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A node.js command line app for packing Google Chrome extensions.
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README.md

crx

Build Status

crx is a node.js command line app for packing Google Chrome extensions. If you'd like to integrate it into your grunt workflow, give oncletom's grunt-crx a spin.

Requirements

  • node.js, tested with 0.4.12
  • openssl
  • ssh-keygen
  • zip

Install

$ npm install crx

Module API

ChromeExtension = require("crx")

crx = new ChromeExtension(attrs)

This module exports the ChromeExtension constructor directly, which can take an optional attribute object, which is used to extend the instance.

crx.load(path, callback)

Loads the Chrome Extension from the specified path.

crx.pack(callback)

Packs the Chrome Extension, and calls back with a Buffer containing the .crx file.

crx.generateUpdateXML()

Returns a Buffer containing the update.xml file used for autoupdate, as specified for update_url in the manifest. In this case, the instance must have a property called codebase.

crx.destroy()

Destroys all of the temporary resources used for packing.

Module example

var fs = require("fs")
  , ChromeExtension = require("crx")
  , crx = new ChromeExtension(
      codebase: "http://localhost:8000/myFirstExtension.crx",
      privateKey: fs.readFileSync(__dirname + "/key.pem"),
      rootDirectory: __dirname + "/myFirstExtension"
    })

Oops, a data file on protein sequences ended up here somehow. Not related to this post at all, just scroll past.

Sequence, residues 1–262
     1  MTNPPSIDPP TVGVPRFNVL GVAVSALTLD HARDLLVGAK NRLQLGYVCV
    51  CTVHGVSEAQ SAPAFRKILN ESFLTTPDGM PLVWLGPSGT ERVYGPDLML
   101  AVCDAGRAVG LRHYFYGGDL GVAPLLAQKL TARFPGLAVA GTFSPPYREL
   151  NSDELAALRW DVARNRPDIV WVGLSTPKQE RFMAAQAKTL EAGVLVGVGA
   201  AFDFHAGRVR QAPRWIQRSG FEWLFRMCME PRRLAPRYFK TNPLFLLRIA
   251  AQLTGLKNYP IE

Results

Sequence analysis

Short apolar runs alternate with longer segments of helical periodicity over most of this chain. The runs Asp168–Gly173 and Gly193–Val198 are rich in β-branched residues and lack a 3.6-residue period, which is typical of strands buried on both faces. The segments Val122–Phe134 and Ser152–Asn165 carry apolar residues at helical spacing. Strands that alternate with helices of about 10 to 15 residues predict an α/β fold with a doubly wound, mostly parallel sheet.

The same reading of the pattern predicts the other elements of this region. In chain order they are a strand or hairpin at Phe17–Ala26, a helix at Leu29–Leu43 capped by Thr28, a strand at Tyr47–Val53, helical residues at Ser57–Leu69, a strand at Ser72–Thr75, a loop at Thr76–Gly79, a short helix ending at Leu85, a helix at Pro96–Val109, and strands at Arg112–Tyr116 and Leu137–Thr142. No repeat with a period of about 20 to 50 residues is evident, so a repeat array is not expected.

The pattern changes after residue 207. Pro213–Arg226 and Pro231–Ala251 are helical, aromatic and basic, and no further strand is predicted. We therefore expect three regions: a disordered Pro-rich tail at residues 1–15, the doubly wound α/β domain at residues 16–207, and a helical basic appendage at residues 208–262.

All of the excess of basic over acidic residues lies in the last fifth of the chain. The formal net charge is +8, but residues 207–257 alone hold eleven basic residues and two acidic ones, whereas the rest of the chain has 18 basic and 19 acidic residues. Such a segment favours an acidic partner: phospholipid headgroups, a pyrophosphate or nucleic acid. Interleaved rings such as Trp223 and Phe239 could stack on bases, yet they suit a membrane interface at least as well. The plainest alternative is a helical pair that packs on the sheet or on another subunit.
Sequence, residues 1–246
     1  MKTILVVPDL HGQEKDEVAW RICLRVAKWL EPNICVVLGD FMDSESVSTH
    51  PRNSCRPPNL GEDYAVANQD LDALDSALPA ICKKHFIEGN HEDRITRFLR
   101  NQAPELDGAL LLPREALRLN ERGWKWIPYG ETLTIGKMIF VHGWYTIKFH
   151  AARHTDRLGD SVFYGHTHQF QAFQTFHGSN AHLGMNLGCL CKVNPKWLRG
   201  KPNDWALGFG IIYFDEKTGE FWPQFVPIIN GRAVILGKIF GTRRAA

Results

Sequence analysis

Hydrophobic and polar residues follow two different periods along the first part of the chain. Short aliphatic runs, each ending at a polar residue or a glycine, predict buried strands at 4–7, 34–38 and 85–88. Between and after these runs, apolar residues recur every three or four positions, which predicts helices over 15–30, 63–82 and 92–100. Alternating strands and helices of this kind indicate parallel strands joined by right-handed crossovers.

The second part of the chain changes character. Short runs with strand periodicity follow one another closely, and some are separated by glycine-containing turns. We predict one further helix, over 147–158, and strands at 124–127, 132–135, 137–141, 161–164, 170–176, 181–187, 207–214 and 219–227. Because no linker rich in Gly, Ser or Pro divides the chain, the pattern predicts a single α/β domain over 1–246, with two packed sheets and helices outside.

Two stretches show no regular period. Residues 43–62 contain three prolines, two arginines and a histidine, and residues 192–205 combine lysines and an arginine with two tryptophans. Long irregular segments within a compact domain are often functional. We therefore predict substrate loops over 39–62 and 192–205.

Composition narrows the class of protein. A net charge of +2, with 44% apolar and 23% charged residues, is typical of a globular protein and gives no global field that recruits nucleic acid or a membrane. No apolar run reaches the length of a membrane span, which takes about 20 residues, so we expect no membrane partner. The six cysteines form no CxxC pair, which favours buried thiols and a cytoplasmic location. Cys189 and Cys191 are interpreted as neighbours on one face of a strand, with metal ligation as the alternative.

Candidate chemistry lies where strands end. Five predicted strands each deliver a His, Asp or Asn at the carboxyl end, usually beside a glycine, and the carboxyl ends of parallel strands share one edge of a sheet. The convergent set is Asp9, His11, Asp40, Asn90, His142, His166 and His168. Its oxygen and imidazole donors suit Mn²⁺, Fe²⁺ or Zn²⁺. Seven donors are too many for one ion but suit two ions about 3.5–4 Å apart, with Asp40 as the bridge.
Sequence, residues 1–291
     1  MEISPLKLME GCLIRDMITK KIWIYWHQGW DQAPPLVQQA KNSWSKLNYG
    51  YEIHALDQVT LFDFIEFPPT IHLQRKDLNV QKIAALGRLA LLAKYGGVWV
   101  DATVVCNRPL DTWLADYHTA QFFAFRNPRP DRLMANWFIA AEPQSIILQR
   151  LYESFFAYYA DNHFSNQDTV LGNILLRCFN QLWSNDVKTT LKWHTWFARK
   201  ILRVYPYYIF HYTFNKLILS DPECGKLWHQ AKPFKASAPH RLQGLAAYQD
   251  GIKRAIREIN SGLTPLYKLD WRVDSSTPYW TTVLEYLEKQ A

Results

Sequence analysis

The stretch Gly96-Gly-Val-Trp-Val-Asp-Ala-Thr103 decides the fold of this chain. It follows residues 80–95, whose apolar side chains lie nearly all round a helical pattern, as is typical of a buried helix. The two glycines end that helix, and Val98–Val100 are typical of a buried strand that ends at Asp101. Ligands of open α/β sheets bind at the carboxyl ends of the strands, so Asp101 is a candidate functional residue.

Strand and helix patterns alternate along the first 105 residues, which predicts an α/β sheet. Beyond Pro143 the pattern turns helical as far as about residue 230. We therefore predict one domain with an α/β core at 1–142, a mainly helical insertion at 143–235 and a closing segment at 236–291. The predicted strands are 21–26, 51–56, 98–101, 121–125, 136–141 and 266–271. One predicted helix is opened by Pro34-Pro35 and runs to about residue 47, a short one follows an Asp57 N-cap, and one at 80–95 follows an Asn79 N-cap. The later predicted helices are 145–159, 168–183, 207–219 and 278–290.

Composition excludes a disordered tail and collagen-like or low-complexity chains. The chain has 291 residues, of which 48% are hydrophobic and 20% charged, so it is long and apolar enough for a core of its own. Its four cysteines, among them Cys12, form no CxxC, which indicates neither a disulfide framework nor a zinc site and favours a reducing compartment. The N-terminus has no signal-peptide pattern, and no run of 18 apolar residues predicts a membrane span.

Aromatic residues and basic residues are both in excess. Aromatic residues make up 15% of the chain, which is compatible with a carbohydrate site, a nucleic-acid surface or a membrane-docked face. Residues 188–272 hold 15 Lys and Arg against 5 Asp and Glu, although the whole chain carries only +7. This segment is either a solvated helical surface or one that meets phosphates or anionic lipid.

crx.load(function(err) {
  if (err) throw err

  this.pack(function(err, data){
    if (err) throw err

    var updateXML = this.generateUpdateXML()

    fs.writeFile(__dirname + "/update.xml", updateXML)
    fs.writeFile(__dirname + "/myFirstExtension.crx", data)

    this.destroy()
  })
})

CLI API

crx pack [directory] [-f file] [-p private-key]

Pack the specified directory into a .crx package, and output it to stdout. If no directory is specified, the current working directory is used.

Use the -f option to output to a file instead of stdout; if no file is specified, the package is given the same name as the directory basename.

Use the -p option to specify an external private key. If this is not used, key.pem is used from within the directory. If this option is not used and no key.pem file exists, one will be generated automatically.

Use the -b option to specify the maximum buffer allowed to generate extension. By default, will rely on node internal setting (~200KB).

crx keygen [directory]

Generate a 1,024-bit RSA private key within the directory. This is called automatically if a key is not specified, and key.pem does not exist.

crx -h

Show information about using this utility, generated by commander.

CLI example

Given the following directory structure:

└─┬ myFirstExtension
  ├── manifest.json
  └── icon.png

run this:

cd myFirstExtension
crx pack -f

to generate this:

├─┬ myFirstExtension
│ ├── manifest.json
│ ├── icon.png
│ └── key.pem
└── myFirstExtension.crx

You can also name the output file like this:

cd myFirstExtension
crx pack -f myFirstExtension.crx

to get the same results, or also pipe to the file manually like this.

cd myFirstExtension
crx pack > ../myFirstExtension.crx

As you can see a key is generated for you at key.pem if none exists. You can also specify an external key. So if you have this:

├─┬ myFirstExtension
│ ├── manifest.json
│ └── icon.png
└── myPrivateKey.pem

you can run this:

crx pack myFirstExtension -p myPrivateKey.pem -f

to sign your package without keeping the key in the directory.

Copyright

Copyright (c) 2012 Jed Schmidt. See LICENSE.txt for details.

Send any questions or comments here.

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